I recently watched Andhadhun for the first time and it got me thinking about reality in movies — not realism, but reality — what is real and what is not. There is the objective reality in movies like Lagaan where the camera shows us what is actually happening and then there is the subjective reality in a movie like Drishyam 2 where the camera shows us a character’s version of events that may or may not have happened. Andhadhun has one objective reality — the events that happen in Europe. The rest is a story Akash narrates to Sophie who was present for some of the events, but not all. So how do we separate the subjective from the objective in the world of Andhadhun?
What constitutes an ambiguous ending? Drishyam 2 leaves us with a lot of questions about how exactly Georgekutty got away. It gives us hints and at least one version of events, but the ending itself is pretty conclusive — Georgekutty got away. Ambiguous endings are not sequel hooks. They are not simply leaving a few unanswered questions. They’re not cliffhangers. Cowboy Bebop has a banger of an ambiguous ending — is Spike alive or dead? Watchmen has another all-time great ending — will the newspaper publish Rorschach’s diary? And is that good or bad? The Graduate leaves us with a bittersweet sense of incompleteness. Sometimes an ambiguous ending is the only appropriate ending like in The Thing. Then there are endings that are ambiguous while still providing closure. The ending of Inception is a perfect example: does the top stop spinning or not? Is Cobb dreaming or awake? But perhaps that’s not the right question. The real question is why does Cobb not care about the top? He’s chosen his reality. It gives resolution to Cobb’s arc one way or another.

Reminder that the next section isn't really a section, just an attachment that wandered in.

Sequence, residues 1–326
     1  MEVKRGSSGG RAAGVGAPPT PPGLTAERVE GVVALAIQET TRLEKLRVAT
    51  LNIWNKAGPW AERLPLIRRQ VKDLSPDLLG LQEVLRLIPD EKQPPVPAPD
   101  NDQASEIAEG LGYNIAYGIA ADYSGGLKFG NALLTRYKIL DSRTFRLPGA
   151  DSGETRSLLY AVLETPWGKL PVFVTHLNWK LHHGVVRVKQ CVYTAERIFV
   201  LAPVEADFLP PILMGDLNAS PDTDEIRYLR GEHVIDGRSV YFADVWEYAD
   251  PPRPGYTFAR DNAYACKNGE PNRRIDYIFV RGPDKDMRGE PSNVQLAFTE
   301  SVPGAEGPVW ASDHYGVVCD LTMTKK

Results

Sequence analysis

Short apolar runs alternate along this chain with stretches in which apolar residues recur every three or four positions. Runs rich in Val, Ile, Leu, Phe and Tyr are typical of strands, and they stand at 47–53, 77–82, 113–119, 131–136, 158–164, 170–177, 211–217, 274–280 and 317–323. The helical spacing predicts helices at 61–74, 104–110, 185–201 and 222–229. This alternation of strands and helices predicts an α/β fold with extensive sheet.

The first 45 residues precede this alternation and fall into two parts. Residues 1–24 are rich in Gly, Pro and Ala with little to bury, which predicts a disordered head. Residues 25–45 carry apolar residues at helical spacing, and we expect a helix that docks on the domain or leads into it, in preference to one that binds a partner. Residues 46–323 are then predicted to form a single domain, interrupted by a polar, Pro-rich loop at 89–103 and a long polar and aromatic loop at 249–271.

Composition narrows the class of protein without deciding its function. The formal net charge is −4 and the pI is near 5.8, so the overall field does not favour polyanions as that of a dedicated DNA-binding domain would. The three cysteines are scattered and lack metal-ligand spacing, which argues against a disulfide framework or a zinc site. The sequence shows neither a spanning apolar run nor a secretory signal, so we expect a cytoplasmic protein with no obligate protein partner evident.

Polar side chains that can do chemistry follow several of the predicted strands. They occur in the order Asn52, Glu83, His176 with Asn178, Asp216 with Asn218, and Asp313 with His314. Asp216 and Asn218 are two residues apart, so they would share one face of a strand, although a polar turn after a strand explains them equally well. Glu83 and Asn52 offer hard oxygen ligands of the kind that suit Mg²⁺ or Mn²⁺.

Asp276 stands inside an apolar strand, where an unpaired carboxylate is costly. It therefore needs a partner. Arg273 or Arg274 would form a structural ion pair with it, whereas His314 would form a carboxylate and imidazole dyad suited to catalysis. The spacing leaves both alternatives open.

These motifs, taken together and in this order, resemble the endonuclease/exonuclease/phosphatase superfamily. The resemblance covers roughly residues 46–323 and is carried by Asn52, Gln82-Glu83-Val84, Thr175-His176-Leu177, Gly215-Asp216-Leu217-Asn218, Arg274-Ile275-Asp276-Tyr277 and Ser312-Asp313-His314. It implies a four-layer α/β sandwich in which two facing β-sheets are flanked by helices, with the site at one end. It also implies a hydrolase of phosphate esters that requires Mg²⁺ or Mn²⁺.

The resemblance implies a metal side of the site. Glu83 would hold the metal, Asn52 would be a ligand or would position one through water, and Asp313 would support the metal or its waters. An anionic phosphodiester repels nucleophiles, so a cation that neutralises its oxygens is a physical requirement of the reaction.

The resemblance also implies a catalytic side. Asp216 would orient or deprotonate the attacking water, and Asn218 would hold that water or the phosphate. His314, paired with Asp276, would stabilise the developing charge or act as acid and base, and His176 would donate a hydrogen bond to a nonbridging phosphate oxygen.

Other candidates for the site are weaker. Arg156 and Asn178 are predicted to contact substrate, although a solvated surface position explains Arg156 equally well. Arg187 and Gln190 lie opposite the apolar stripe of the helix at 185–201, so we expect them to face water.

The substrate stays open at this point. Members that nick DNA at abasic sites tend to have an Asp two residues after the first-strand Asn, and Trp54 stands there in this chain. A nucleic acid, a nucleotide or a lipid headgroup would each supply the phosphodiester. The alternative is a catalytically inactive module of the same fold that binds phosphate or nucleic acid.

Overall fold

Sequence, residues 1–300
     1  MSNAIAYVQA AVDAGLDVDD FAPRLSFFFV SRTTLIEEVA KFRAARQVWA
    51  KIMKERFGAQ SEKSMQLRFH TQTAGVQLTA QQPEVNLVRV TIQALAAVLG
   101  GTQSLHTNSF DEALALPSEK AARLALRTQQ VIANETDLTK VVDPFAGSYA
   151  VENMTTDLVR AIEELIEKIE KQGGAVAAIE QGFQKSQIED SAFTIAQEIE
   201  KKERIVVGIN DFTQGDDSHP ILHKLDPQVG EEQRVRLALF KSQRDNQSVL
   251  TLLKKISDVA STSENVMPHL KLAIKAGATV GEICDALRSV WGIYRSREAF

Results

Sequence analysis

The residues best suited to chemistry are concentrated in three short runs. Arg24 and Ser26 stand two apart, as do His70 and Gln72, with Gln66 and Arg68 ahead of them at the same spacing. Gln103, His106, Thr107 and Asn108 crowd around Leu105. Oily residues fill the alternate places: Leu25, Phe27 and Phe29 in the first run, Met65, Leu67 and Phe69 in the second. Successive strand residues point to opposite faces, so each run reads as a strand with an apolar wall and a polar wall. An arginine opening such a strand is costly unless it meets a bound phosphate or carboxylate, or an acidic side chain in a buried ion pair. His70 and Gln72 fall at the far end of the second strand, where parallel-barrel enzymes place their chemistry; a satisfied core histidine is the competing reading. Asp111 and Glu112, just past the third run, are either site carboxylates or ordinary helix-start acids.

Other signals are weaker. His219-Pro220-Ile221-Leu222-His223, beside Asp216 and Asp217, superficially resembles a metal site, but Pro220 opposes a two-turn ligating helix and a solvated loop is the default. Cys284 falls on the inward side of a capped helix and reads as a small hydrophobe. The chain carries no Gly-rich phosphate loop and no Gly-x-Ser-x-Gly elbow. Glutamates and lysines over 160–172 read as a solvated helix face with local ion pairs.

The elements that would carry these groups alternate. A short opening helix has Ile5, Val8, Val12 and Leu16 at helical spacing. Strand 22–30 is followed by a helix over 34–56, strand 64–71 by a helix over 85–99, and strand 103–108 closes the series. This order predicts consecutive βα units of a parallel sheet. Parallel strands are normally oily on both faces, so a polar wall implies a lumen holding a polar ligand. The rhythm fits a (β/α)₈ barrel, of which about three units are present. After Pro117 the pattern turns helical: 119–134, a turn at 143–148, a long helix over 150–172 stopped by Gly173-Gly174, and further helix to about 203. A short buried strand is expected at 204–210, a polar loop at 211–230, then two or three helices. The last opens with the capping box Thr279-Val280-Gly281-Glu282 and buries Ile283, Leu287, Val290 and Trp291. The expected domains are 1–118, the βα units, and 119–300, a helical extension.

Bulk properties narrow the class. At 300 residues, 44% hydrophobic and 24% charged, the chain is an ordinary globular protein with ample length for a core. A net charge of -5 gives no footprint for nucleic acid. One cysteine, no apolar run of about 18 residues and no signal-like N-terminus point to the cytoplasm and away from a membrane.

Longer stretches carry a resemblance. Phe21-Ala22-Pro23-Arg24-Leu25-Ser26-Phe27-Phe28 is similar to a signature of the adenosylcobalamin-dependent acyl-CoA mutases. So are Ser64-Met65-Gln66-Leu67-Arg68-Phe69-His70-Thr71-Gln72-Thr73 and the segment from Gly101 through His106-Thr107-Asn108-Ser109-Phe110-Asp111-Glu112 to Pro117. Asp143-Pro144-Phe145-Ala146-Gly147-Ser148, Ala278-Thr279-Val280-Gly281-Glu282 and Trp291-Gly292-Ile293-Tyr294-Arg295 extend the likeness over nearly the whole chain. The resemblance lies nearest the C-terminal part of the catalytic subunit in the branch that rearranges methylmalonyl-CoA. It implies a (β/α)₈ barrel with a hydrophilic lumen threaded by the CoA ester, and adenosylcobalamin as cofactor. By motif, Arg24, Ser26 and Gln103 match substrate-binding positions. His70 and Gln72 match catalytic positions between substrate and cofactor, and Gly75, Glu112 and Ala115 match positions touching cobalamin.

Let’s take a movie like The Usual Suspects, a movie with a similar framing device to Andhadhun. The bulk of the movie is narrated by Roger “Verbal” Kint to the investigating officer. Did he make all of it up or embellish real events with stuff he made up using the prompts lying around the office? Ultimately the movie is about one character lying his way out of jail. It lives and dies by its twist ending. If the whole thing was made up, we just watched some guy bluff his way out of prison then get in a fancy car and leave. One interpretation erases all the characters, their conflicts, and development, and makes us wonder what the point of the movie even was?
It raises the question — when is an ambiguous ending appropriate?
Sometimes, to let us know that we’re switching to a character’s point of view, movies give us an audiovisual cue like those flashback transitions in old movies, or the cinematography changes like in Natural Born Killers, or is explicitly framed as a story within a story like Rashomon. Then there are movies that don’t play fair, which brings us to Joker.